The 66-year-old McDonough is one of the most respected figures in sports business. He was president of baseball’s Chicago Cubs before he was hired by Rocky Wirtz in 2007 to take over the Blackhawks.

McDonough was a big factor in Chicago’s rise to the top tier of the NHL on and off the ice. The team has an active sellout streak of 531 games. The organization is well known for its fan experience and marketing abilities, one reason why it has been a regular participant in the NHL’s outdoor games.

”Thirteen years ago, I recruited John to the Blackhawks because of his leadership, direction and vision. John brought all of that to the table and more,” Rocky Wirtz said. ”His contributions went well beyond leading the team to three Stanley Cup championships. He rebuilt the front office and helped guide the organization toward a winning vision.

”As difficult as this is, we believe it was the right decision for the future of the organization and its fans.”

PHT Morning Skate: Tallon loves Ekblad’s hands

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PHT’s Morning Skate takes a look around the world of hockey to see what’s happening and what we’ll be talking about around the NHL world and beyond.

Florida Panthers GM Dale Tallon is a big fan of his first-round pick, Aaron Ekblad. He’s a very big fan of his hands. Silky mitts, you guys. (Sun Sentinel)

Here’s a fun way to use fancy stats: David Clarkson was more effective than Wendel Clark. Chew on that, Maple Leafs fans. (The Score)

Chicago Blackhawks executive John McDonagh enjoys the team convention because it helps “humanize” the players. That’s pretty cool. (CSNChicago.com)

Congratulations to Rob Rossi as he moves from the Pittsburgh Penguins beat to role of lead columnist. (Pittsburgh Tribune-Review)

Buffalo Sabres prospect goalie Linus Ullmark is someone the team is high on. Also, he has Bowser from Super Mario Bros. on his mask. (Buffalo Hockey Beat)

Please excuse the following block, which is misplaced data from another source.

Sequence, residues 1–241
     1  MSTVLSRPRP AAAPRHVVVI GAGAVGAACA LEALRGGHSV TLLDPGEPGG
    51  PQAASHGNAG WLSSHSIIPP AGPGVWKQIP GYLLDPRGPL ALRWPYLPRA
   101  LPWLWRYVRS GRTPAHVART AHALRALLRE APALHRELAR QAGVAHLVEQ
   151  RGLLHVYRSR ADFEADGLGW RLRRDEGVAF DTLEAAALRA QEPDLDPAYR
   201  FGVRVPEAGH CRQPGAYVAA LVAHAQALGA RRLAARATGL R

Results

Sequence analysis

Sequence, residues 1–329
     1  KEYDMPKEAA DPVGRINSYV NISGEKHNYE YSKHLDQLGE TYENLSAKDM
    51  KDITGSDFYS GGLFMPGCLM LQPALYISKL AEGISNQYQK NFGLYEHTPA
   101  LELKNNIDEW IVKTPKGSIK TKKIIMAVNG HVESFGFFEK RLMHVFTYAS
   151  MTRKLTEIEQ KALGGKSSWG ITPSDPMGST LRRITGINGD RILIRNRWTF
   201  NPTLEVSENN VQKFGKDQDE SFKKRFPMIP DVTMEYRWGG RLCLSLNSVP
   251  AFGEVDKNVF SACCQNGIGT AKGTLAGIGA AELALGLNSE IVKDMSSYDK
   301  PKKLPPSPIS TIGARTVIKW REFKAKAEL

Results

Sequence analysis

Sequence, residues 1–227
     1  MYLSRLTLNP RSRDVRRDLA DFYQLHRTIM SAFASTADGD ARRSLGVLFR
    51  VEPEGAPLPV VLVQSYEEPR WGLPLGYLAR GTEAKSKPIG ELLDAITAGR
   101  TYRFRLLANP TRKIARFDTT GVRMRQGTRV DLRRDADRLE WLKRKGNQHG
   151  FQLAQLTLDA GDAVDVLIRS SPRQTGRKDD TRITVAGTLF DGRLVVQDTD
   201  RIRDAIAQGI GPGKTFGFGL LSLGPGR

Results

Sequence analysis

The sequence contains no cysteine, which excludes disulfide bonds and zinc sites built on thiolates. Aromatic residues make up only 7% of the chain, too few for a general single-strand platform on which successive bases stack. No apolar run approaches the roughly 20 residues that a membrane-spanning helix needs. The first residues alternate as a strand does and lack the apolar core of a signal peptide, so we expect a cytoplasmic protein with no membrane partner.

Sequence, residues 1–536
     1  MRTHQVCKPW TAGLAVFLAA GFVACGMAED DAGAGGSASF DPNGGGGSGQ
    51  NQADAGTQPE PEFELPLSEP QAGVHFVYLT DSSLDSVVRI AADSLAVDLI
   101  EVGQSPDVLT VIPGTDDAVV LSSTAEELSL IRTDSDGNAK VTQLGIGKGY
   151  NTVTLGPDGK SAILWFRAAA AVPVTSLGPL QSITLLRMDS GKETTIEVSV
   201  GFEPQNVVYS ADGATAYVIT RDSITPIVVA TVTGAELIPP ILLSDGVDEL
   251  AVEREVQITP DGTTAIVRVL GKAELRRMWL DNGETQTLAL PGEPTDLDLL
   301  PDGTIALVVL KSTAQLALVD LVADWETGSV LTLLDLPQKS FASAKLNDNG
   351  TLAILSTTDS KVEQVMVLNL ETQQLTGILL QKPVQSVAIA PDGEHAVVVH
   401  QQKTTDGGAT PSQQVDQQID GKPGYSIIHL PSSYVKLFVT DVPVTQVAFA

Size and skill are what the Sabres have going for them up front. Maybe this rebuild will go just fine. (NHL.com)

Did you know Panthers prospects Rocco Grimaldi and Vincent Trocheck have been friends for a long time? (Sun Sentinel)

Finally, is this actually NHL referee Tim Peel on Twitter? There’s no way this ends well. (@TimTPeel)

Blackhawks president is excited for finals

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The fans, players, and coaches aren’t the only people excited for the Stanley Cup finals. You can throw the executives into the mix as well.

Blackhawks president and CEO John McDonough tells Mark Strotman of CSNChicago.com that he can’t wait for the series with Boston to get going.

“We’re very happy to be here but we realize that there’s one significant step to go and it’s kind of a business-like approach. We’re happy about it.” he told CSNChicago.com. “We’re past three rounds and every round is like a heavyweight fight, it really is. So we’ve got one more left. The fans are feeling it, the players are feeling it, the organization’s feeling it, but it’s great. There’s no place that we would rather be.”

What’s not to like from a business standpoint? The Blackhawks were the best team in the league during the regular season. United Center has been jam-packed for every home game and they even had a series against their hated rivals from Detroit thrown into the mix.

Now with a series against Boston in the big East vs. West showdown for the Cup and a whole city backing them, life is really good for the suits.